I run my own instance of Atlassian Bitbucket Server and, recently, had to move Bitbucket to a new computer. Actually, I moved from a macOS based machine to a Windows 10 computer.
Unfortunately, Bitbucket Server does not provide an option to Backup and Restore the database from the administration panel, something you can find in both JIRA and Confluence. There is an official guide about how to migrate Bitbucket Server to another server and how to use the Backup Client but what you end up with is your previous installation with all the redundant git hooks, orhan folders and repos (I know, I know; this should never happen but here we are…).
What I wanted to do is to do a clean Bitbucket installation and, still, have all my repositories, branches, and, even, my avatar in place. What follows is an alternative guide.
The first we need is the database itself. Here I assume you are using an external database compatible with Atlassian’s requirements. In the old system, connect to the database and dump the content (both the structure and the content) in a .sql file. There are many ways to do this. I, personally, use software like Navicat or SQLite Manager, depending on the type of database in place.
Then, what we, also, need is the
<Bitbucket Home Directory>\shared\data folder and all its subfolders. We will come to this in a while.
Installation of Bitbucket Server
Create a new database and install the Server as described in the official documentation. Create a new home directory and use a new (empty) database as Bitbucket is not installed in a database or folder with, already, populated data. Create a user account, complete the configuration and have the server up and running. Once you confirm that the server is working as expected we can move to the next step.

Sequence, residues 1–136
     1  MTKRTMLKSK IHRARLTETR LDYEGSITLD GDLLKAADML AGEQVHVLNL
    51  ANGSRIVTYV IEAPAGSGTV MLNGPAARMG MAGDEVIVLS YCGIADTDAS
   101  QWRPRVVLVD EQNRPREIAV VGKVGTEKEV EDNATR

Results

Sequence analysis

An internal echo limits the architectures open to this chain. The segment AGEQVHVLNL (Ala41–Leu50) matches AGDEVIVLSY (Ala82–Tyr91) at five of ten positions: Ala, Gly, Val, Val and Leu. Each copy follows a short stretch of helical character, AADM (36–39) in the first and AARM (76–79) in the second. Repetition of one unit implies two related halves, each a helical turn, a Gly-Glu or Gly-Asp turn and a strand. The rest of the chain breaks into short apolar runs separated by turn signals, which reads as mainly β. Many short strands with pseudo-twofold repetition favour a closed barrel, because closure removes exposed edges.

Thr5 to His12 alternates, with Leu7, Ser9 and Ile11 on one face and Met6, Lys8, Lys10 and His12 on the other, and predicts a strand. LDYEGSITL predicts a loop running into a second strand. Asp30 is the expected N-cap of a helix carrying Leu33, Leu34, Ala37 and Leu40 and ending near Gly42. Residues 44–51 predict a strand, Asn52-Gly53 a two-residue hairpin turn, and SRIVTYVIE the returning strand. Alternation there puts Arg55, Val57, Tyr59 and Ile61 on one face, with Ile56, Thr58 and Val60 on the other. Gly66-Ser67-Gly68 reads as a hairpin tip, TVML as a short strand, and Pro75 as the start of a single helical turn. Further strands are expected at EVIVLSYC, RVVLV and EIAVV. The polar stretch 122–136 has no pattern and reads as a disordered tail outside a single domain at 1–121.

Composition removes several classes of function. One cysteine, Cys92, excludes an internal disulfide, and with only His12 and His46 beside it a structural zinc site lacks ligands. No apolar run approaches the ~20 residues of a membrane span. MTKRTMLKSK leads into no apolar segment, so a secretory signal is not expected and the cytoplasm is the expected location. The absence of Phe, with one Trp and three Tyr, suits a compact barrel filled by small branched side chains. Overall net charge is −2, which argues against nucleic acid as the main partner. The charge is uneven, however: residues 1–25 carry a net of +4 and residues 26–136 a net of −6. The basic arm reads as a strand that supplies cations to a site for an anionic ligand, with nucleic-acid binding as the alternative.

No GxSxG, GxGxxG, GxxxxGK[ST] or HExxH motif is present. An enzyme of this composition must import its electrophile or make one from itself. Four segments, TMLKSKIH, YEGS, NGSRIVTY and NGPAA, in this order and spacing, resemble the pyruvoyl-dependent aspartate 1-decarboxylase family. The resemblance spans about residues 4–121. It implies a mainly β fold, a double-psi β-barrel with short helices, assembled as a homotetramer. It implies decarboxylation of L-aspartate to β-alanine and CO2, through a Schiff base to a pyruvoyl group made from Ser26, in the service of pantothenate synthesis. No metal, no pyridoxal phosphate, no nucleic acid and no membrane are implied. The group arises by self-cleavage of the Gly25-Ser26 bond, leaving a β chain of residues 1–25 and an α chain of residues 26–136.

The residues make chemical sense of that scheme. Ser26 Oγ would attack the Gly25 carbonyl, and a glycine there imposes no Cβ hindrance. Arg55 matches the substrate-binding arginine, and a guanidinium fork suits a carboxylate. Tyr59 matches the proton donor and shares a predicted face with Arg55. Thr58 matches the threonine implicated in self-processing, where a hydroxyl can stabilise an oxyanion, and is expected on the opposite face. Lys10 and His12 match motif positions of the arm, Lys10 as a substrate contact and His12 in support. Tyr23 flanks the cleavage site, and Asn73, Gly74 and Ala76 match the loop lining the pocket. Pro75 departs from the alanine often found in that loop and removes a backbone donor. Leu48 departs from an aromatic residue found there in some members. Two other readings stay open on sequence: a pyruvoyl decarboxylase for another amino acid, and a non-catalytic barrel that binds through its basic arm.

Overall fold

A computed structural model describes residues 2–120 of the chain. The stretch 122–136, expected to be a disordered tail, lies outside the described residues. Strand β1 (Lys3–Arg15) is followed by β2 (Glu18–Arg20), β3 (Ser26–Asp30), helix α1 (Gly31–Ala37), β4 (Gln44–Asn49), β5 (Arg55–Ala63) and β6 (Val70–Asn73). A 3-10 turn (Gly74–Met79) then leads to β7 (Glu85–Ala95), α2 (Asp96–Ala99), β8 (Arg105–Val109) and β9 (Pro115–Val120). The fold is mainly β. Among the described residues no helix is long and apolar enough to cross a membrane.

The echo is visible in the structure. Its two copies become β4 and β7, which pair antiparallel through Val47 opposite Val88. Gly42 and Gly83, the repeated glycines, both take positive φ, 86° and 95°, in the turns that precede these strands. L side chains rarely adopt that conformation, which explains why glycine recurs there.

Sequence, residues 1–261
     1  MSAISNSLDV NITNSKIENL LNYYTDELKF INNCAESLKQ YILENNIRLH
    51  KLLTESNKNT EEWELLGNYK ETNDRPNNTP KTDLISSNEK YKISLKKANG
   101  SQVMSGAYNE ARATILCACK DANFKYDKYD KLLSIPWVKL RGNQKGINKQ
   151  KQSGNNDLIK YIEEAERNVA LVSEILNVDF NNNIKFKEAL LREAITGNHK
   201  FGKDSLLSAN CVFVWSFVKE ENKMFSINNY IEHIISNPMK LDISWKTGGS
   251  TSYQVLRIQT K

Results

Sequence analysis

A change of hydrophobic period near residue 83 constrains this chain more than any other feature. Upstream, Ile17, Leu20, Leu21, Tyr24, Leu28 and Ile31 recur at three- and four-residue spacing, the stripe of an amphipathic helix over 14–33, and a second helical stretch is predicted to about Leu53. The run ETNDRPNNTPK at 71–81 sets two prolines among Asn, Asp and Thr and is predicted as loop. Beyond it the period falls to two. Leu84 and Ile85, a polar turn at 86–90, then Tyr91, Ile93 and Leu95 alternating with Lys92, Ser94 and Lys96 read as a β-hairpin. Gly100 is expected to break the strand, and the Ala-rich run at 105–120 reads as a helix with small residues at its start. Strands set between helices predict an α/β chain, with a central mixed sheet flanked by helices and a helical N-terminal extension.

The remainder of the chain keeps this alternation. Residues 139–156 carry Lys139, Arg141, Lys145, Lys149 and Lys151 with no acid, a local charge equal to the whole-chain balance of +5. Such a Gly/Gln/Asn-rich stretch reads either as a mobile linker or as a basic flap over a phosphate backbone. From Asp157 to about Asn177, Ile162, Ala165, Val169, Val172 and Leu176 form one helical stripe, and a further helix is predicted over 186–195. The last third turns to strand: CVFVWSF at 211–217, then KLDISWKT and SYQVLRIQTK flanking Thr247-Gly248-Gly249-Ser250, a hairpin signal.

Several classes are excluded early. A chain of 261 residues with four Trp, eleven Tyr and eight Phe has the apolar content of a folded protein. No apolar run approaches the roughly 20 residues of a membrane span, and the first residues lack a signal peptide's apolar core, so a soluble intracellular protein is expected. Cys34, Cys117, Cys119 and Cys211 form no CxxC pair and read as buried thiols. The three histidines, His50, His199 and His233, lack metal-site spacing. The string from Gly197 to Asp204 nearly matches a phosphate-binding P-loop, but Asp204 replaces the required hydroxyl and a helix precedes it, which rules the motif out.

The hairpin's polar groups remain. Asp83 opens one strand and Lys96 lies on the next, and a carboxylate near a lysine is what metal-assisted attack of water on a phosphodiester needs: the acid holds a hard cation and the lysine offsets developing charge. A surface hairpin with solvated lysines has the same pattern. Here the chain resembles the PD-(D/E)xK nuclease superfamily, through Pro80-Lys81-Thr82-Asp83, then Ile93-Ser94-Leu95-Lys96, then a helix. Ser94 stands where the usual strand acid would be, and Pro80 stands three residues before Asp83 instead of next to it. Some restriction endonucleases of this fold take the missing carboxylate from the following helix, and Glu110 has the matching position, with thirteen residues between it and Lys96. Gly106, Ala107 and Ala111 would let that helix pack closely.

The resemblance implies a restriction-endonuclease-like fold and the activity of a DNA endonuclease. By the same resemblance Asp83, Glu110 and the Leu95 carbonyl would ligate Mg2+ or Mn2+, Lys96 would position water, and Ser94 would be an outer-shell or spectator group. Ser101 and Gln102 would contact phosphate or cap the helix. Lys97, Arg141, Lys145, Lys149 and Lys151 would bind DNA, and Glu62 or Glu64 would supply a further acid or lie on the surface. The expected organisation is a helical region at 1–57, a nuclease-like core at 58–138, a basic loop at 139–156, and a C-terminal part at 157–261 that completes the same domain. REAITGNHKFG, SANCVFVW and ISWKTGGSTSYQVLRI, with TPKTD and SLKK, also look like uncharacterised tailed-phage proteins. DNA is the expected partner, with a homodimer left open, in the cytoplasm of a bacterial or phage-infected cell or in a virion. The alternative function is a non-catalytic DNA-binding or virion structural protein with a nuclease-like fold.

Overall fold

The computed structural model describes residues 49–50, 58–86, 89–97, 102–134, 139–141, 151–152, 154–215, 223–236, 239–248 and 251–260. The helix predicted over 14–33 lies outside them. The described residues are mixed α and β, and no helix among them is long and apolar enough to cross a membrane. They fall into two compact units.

Importing the Database
The first thing that comes to mind is to use the .sql file we generated earlier and import the data into the database we used for the installation of the server. This would require us to delete the tables Bitbucket Server, already, created. Well, this proves to be a not so easy job as there are dependencies and foreign keys and it would require us to know the correct order of deletion. All in all, this is a laborious task.
The alternative is to generate a new database using the step-by-step guides as found in the official documentation. First stop the Bitbucket Server. Then, use the tool of your preference and import the .sql file into the newly created database.
We, now, need to tell Bitbucket to use the new database. Although you can see the connection details in the administration panel while the server is running, you are not able to change it. We, therefore, need to do this manually. Go to
<Bitbucket Home Directory>\shared\ folder and open the
bitbucket.properties file. This is the file where the server get the information about the database inuse. Change the name of the database to reflect your new database. I use PostgreSQL, so my file has the following line:
I have, only, changed the name of the database (
newBitbucketDatabase). Note that although I used Caps, for Bitbucket this is not relevant as it ignores cases. Now, you can start the server up.
Importing the Repositories
After the change of the database, if you login to Bitbucket, you will be able to see your projects…followed by a surprise. The projects are all there but not the repositories. This is because repository data is kept outside the database. Thankfully, this is not that hard to resolve. As previously, stop the server first. Then, you need to copy the
<Bitbucket Home Directory>\shared\data folder from the old location to the new home directory.
Starting up the server again will, hopefully, allow you to see all your repositories, attachments, and avatars where you expect them to be.
Suggestions, Improvements, Omissions, Mistakes
If you have suggestions and ideas how to improve this article or have spotted an error, please leave a comment or contact me. Thanks.